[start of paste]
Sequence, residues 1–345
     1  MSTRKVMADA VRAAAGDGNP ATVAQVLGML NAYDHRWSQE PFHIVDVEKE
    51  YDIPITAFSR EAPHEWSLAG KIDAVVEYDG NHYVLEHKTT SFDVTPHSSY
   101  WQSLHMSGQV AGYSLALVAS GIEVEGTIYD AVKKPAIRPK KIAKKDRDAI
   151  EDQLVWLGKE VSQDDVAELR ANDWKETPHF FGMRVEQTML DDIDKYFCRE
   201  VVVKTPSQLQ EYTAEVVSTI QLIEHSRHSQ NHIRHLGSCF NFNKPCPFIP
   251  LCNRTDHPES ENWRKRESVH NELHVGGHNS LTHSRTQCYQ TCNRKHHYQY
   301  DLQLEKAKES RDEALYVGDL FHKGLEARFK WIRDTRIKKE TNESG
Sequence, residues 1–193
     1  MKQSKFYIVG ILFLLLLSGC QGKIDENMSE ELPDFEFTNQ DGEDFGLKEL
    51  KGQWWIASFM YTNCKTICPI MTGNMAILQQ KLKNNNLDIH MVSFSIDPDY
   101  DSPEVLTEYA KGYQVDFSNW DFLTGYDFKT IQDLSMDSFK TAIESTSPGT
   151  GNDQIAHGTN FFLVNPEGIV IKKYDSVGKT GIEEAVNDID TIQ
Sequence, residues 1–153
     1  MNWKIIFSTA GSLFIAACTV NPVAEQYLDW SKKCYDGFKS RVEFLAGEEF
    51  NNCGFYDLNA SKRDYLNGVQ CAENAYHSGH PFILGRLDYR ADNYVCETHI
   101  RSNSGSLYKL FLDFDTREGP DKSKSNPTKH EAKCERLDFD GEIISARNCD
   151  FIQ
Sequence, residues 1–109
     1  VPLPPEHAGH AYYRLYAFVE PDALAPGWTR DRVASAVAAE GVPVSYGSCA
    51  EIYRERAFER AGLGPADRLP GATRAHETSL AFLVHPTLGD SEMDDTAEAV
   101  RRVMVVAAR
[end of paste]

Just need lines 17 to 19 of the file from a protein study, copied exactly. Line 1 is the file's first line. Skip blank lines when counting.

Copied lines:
   101  RSNSGSLYKL FLDFDTREGP DKSKSNPTKH EAKCERLDFD GEIISARNCD
   151  FIQ
Sequence, residues 1–109